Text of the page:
Carl Jung’s Starlet
Sabina Spielrein might be considered the patient zero of psychoanalysis. She was predated by several of Freud’s most famous subjects, including Dora, but Sabina’s story of saving and survival is complicated by her relationship with Carl Jung, who, as her doctor, treated her according to Freud’s methods and inspired her to become one of the first female psychoanalysts. She is also representative of a time when treatment for debilitating symptoms of mental illness was measured in months rather than years, although in a more general sense, recovery never truly ends.
Born to a wealthy Jewish family in Rostov-on-Don, a Russian port city near the Sea of Azov, Sabina was raised speaking Russian, German, French, and English. As a child Sabina granted herself a magical power she called partunskraft, which allowed her to know and obtain everything if only she desired it, but it would be a long time before she knew herself.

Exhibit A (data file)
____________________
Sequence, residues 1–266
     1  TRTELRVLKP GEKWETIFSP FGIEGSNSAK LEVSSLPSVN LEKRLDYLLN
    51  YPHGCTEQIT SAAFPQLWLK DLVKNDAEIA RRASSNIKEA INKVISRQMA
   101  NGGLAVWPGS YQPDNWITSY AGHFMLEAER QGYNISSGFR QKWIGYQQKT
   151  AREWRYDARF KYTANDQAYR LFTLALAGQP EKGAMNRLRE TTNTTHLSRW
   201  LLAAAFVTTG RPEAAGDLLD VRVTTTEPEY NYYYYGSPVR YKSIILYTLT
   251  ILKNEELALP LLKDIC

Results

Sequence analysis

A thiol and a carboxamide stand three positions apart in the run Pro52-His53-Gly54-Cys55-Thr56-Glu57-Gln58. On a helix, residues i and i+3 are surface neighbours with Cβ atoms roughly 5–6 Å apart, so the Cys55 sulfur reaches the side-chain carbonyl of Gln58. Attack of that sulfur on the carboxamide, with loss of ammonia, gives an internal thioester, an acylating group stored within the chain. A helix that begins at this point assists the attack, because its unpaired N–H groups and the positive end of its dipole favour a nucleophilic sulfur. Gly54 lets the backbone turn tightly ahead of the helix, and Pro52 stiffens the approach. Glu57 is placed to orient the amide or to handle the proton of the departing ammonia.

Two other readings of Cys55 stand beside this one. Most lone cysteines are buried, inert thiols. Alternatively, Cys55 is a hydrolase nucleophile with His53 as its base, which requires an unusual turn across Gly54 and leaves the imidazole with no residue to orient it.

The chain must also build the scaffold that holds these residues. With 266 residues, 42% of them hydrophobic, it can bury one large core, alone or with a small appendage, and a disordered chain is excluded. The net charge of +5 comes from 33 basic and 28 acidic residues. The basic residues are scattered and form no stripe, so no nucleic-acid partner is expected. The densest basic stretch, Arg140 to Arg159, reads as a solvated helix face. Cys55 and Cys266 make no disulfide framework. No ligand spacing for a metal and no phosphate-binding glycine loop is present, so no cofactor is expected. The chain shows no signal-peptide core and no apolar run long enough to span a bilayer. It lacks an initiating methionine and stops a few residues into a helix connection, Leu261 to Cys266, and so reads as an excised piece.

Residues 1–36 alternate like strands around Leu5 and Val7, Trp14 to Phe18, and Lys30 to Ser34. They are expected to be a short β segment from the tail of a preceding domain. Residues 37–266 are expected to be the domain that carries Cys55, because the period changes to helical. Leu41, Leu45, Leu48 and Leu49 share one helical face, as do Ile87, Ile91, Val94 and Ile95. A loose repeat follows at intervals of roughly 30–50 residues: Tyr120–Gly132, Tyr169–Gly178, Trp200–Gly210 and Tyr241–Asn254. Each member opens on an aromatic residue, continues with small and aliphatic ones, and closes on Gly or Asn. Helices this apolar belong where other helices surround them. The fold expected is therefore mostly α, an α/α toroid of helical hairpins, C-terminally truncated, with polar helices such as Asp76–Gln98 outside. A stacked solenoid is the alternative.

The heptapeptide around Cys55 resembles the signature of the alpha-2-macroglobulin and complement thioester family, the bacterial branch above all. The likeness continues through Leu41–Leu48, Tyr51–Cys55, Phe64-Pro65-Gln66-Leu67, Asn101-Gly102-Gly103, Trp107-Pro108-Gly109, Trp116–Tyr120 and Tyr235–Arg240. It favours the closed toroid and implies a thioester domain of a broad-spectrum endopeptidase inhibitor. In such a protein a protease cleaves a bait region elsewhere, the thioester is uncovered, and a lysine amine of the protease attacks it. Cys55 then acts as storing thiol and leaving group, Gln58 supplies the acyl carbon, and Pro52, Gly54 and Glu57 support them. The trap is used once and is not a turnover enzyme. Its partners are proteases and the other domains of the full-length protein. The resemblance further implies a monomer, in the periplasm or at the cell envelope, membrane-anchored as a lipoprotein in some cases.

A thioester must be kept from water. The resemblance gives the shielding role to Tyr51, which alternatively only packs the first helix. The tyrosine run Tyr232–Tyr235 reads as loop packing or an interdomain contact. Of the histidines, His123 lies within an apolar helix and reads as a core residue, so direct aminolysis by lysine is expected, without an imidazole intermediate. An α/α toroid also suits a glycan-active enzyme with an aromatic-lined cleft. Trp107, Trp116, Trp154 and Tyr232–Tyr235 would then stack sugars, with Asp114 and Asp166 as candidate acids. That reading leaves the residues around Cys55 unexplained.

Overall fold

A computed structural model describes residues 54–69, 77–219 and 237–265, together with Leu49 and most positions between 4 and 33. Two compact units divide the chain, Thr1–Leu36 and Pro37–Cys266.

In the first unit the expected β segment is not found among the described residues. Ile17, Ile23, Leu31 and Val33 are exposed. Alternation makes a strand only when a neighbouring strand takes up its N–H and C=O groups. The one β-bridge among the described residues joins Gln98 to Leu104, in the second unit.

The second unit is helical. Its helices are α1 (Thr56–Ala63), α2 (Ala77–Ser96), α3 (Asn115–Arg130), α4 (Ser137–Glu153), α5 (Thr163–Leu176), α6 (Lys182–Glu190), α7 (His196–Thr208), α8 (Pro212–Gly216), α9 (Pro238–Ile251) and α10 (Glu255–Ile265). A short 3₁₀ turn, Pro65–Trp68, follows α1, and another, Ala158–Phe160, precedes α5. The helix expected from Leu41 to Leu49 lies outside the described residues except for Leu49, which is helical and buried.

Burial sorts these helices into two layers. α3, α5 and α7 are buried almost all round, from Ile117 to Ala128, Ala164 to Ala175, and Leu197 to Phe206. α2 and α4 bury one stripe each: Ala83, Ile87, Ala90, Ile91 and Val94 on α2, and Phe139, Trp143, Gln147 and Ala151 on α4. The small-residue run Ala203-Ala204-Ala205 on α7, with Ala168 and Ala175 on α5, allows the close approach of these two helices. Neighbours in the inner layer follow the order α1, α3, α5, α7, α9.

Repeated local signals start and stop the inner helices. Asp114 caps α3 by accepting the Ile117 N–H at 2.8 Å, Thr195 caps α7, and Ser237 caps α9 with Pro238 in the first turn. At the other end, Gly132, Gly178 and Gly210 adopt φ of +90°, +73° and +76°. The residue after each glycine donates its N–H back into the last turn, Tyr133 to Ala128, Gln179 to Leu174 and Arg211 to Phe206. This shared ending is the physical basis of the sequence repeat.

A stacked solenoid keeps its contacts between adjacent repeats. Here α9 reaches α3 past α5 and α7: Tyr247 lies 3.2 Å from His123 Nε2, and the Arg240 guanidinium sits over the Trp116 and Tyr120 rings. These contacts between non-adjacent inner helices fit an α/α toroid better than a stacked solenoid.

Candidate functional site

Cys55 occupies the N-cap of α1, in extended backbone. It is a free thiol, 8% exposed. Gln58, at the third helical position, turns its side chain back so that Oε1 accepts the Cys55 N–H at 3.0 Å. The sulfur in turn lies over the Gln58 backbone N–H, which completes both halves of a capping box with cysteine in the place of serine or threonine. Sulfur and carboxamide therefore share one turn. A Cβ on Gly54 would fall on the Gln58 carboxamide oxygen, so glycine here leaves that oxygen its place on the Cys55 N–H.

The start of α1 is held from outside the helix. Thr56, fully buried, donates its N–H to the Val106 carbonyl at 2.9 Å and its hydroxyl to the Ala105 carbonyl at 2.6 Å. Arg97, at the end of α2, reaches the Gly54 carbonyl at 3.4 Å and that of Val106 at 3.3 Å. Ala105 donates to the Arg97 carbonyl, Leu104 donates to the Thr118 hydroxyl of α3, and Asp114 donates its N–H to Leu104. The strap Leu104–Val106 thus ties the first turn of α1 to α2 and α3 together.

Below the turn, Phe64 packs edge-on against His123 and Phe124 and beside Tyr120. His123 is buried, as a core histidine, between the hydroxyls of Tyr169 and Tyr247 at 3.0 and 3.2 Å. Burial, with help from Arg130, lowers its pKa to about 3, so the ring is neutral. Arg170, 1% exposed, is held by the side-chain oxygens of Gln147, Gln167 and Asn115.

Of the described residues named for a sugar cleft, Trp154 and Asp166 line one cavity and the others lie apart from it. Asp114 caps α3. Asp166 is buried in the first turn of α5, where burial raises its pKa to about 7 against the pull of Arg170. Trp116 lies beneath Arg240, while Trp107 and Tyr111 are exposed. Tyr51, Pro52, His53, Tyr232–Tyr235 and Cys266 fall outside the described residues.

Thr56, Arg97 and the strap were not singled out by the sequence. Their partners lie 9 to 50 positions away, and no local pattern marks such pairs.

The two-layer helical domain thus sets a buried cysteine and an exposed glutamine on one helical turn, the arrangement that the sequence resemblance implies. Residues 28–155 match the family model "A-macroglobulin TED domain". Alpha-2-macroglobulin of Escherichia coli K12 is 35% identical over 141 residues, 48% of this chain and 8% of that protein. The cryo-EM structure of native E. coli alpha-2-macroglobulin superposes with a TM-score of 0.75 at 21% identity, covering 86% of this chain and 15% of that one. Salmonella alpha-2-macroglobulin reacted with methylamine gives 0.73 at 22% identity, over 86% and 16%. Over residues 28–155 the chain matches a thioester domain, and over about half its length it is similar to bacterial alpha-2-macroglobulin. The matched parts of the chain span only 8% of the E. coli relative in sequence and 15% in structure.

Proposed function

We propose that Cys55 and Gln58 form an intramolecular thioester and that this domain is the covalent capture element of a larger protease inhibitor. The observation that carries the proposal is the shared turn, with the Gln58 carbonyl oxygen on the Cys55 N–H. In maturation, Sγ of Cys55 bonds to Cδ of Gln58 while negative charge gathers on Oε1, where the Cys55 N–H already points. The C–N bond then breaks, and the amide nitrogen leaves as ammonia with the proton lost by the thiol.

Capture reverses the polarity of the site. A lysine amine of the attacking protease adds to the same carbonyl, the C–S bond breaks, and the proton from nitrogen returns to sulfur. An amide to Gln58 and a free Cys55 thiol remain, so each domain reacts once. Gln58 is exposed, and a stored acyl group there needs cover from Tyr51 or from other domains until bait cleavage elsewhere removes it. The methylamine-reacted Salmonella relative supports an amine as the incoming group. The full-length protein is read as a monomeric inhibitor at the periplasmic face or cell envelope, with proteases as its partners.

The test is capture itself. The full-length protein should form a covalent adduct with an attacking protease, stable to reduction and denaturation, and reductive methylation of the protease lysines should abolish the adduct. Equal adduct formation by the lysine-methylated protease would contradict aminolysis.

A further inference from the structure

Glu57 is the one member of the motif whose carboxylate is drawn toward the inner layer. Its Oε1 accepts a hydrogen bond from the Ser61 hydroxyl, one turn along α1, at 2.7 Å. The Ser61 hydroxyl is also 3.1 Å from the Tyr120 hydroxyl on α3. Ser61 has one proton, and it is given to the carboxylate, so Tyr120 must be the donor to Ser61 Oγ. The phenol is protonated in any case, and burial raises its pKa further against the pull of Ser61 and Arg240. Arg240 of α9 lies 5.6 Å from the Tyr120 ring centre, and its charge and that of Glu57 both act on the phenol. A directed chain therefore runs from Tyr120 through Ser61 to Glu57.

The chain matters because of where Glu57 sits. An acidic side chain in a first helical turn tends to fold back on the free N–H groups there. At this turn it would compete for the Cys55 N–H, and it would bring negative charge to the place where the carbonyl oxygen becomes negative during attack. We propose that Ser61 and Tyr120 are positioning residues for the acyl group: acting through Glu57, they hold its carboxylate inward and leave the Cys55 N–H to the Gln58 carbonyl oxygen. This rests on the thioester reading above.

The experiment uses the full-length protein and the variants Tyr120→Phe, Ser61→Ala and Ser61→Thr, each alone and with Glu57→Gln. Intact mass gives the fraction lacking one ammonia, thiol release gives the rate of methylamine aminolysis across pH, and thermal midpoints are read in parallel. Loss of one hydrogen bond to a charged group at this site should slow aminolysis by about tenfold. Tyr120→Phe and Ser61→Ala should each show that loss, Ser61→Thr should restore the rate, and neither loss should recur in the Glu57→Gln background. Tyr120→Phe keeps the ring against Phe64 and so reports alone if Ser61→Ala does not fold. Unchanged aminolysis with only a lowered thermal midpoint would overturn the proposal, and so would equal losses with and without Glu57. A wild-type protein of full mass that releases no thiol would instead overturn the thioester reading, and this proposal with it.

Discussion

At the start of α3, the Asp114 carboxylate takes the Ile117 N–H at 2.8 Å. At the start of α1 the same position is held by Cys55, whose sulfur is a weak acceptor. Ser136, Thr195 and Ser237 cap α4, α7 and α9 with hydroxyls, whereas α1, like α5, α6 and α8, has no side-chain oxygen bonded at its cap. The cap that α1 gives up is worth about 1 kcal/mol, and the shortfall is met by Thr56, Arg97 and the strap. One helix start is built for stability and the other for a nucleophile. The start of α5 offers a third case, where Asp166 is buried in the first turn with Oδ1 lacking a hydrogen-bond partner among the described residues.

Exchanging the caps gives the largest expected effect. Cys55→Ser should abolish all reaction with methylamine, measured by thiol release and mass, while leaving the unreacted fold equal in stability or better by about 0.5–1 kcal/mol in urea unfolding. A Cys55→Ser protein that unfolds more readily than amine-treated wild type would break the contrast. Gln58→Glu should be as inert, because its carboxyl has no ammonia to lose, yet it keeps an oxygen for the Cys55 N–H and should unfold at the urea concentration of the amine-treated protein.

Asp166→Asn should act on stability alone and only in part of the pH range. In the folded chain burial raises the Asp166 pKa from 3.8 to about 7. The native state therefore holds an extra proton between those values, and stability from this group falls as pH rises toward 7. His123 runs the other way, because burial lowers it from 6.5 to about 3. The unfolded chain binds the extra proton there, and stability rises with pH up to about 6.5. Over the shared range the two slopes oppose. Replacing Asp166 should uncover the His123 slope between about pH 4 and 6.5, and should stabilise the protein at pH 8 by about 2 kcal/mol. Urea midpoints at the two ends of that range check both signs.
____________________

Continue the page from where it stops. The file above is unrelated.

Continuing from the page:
After several breakdowns, she was hospitalized in the progressive Burghölzli hospital in Zurich, Switzerland. There she was treated for hysteria by director Eugen Bleuler and Jung. (Bleuler is a wash—on the one hand, he coined the term schizophrenia and believed in livable conditions for mental patients; on the other, he advocated their sterilization based on eugenics.) In that it often affected materially privileged Caucasian women, hysteria was the anorexia of its day. Hysteria was not a new concept, but it was the height of fashion when Sabina was diagnosed with it. Its patients made distress visible through gestures, postures, and embodiment, like the silent screen actresses of their time. They were stars of somatization.